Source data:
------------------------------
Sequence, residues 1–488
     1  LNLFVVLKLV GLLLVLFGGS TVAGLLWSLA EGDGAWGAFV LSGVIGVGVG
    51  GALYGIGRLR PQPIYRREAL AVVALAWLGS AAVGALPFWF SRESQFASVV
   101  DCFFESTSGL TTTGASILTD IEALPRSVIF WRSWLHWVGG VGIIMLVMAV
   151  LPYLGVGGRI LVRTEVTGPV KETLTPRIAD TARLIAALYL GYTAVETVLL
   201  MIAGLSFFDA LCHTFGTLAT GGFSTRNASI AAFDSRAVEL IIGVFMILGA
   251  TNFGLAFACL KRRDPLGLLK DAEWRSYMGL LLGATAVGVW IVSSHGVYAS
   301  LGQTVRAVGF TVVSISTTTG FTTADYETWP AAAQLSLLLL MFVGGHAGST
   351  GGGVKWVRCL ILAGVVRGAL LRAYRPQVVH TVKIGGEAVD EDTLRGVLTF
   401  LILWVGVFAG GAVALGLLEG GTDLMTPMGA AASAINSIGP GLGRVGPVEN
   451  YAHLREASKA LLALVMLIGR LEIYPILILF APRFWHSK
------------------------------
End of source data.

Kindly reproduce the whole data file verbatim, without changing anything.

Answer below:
Sequence, residues 1–488
     1  LNLFVVLKLV GLLLVLFGGS TVAGLLWSLA EGDGAWGAFV LSGVIGVGVG
    51  GALYGIGRLR PQPIYRREAL AVVALAWLGS AAVGALPFWF SRESQFASVV
   101  DCFFESTSGL TTTGASILTD IEALPRSVIF WRSWLHWVGG VGIIMLVMAV
   151  LPYLGVGGRI LVRTEVTGPV KETLTPRIAD TARLIAALYL GYTAVETVLL
   201  MIAGLSFFDA LCHTFGTLAT GGFSTRNASI AAFDSRAVEL IIGVFMILGA
   251  TNFGLAFACL KRRDPLGLLK DAEWRSYMGL LLGATAVGVW IVSSHGVYAS
   301  LGQTVRAVGF TVVSISTTTG FTTADYETWP AAAQLSLLLL MFVGGHAGST
   351  GGGVKWVRCL ILAGVVRGAL LRAYRPQVVH TVKIGGEAVD EDTLRGVLTF
   401  LILWVGVFAG GAVALGLLEG GTDLMTPMGA AASAINSIGP GLGRVGPVEN
   451  YAHLREASKA LLALVMLIGR LEIYPILILF APRFWHSK